From the State House
One of the important accomplishments this legislative session was rejecting the governor’s budget proposal to increase taxes – something none of us could afford.
In my three years as state representative, this is the first budget that reduces the out-year deficits while closing this year’s $186-million gap. This year’s budget has a 5-to-1 ratio in spending cuts versus raising taxes.
The $150 million in state savings comes from requiring greater efficiencies in the delivery of human services, department cuts and consolidation of state agencies.
However, I do not believe in balancing a budget on the backs of the elderly and the developmentally disabled. For that reason, I voted against Article 16 in the budget.
Many of you spoke to me about the need for more jobs in this state. As chairwoman of the Small Business Renewable Energy Task Force, I had the honor of working with a diverse group of business and environmental professionals in framing renewable energy legislation that the governor signed into law.
Distributed generation will be a game changer for Rhode Island. There are few small, land-based wind, solar, hydro, and other renewable energy projects being developed in Rhode Island compared to our neighboring states. Under this law, long-term contracts for renewable energy credits would make projects viable for financing by guaranteeing steady income for the developer.
It’s a game changer in Rhode Island because it will create more jobs in our state as projects are built. It is good economic policy and good environment policy. This is exactly what I mean when I speak with you about ‘environmental economics’.
This is a session that will be remembered by what lawmakers did and did not do.
The governor’s $165 million in taxes didn’t happen, thankfully. Binding arbitration didn’t come to the House floor after passing the Senate 20-17. Binding arbitration may become a bargaining chip in the upcoming fall session when we return to tackle pension reform. Other highlights of this session include several election changes. Polls will open at 7 a.m. and close at 8 p.m. across Rhode Island. You’ll now need an ID to vote.
Don’t forget to buckle up. Not wearing a seatbelt while driving in Rhode Island is now a reason for a police officer to stop you and write a $75 ticket. Everyone knows seatbelts save lives, but I voted against this. If you’re crazy enough not to wear a seat belt, that’s your prerogative. The government shouldn’t tell you what to do.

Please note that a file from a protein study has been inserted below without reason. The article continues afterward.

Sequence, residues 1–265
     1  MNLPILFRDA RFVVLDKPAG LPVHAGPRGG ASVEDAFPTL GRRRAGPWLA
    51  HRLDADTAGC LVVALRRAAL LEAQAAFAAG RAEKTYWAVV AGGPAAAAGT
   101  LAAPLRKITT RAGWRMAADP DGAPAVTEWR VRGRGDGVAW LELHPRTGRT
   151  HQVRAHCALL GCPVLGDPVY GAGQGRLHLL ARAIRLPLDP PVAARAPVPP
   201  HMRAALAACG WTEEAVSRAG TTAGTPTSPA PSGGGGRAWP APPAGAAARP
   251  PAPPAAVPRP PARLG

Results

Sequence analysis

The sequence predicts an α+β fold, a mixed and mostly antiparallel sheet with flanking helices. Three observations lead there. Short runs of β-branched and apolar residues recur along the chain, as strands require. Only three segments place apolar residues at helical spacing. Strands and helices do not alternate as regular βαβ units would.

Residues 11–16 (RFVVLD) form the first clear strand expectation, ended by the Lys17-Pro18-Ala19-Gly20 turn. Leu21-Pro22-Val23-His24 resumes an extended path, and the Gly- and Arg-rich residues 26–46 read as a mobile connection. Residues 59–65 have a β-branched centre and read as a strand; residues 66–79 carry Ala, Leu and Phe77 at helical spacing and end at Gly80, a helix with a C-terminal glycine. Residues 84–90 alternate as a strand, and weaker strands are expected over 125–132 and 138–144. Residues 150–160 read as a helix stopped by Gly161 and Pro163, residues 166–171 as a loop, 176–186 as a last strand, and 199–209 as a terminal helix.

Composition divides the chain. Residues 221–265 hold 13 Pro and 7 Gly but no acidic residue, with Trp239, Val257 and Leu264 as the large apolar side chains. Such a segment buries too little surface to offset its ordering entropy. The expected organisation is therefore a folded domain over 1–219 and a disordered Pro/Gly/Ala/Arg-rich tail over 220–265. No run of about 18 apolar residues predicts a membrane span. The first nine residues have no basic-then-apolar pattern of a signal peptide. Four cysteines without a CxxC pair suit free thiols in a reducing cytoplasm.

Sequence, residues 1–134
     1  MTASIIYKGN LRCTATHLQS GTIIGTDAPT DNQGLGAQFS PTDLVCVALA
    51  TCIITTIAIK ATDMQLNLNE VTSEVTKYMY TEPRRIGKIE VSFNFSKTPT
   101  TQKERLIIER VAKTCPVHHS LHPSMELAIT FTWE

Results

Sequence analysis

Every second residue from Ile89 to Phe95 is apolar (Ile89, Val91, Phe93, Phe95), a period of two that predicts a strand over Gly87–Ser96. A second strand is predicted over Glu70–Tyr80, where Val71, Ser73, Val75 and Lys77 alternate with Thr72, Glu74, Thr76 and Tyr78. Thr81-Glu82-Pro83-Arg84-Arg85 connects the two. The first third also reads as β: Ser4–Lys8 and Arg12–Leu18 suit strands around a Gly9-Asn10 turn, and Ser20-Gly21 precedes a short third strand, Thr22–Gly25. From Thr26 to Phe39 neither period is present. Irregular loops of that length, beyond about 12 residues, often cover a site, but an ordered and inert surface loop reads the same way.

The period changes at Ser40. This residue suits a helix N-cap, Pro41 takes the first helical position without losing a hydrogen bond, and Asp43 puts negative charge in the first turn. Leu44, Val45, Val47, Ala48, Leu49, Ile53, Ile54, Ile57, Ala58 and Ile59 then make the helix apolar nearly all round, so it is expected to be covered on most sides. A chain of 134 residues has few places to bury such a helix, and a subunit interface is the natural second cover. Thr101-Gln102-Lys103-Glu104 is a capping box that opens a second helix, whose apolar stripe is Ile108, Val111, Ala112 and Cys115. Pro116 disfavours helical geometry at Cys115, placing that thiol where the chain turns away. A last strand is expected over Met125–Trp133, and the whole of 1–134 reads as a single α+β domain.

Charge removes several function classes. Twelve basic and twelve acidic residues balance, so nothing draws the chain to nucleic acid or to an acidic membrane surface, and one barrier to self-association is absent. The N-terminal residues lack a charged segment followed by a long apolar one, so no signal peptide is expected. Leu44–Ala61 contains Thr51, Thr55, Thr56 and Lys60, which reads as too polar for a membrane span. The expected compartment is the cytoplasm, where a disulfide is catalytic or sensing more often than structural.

The bill I sponsored to raise the exemption on the estate tax in Rhode Island from $859,350 to $1.5 million did not pass, but I will introduce it again next year. This is a middle class and small business issue. It will also help the 1,200 farms in Rhode Island with a best value of $1 million.
Finally, I am very proud of the Safe Schools Act that I sponsored to establish a statewide policy on bullying and cyberbullying. Working with my colleagues in the Senate, this law establishes a clear policy for teachers, students, parents and administrators to report, investigate and respond to bullying. I’ve repeatedly said that no parent should bury a child, and certainly not because of “bullycide,” which is bullying that causes suicide.
It is truly an honor to serve. Thank you. Please feel free to call or e-mail me with any questions or suggestions: 423-0444 or repruggiero@ rilin.state.ri.us.
In the words of Eleanor Roosevelt, “One’s philosophy is not best expressed in words; it is expressed in the choices one makes. The choices we make are ultimately our responsibility.”
Enjoy the summer and stay well.
Deb Ruggiero represents Jamestown and Middletown in the state House of Representatives.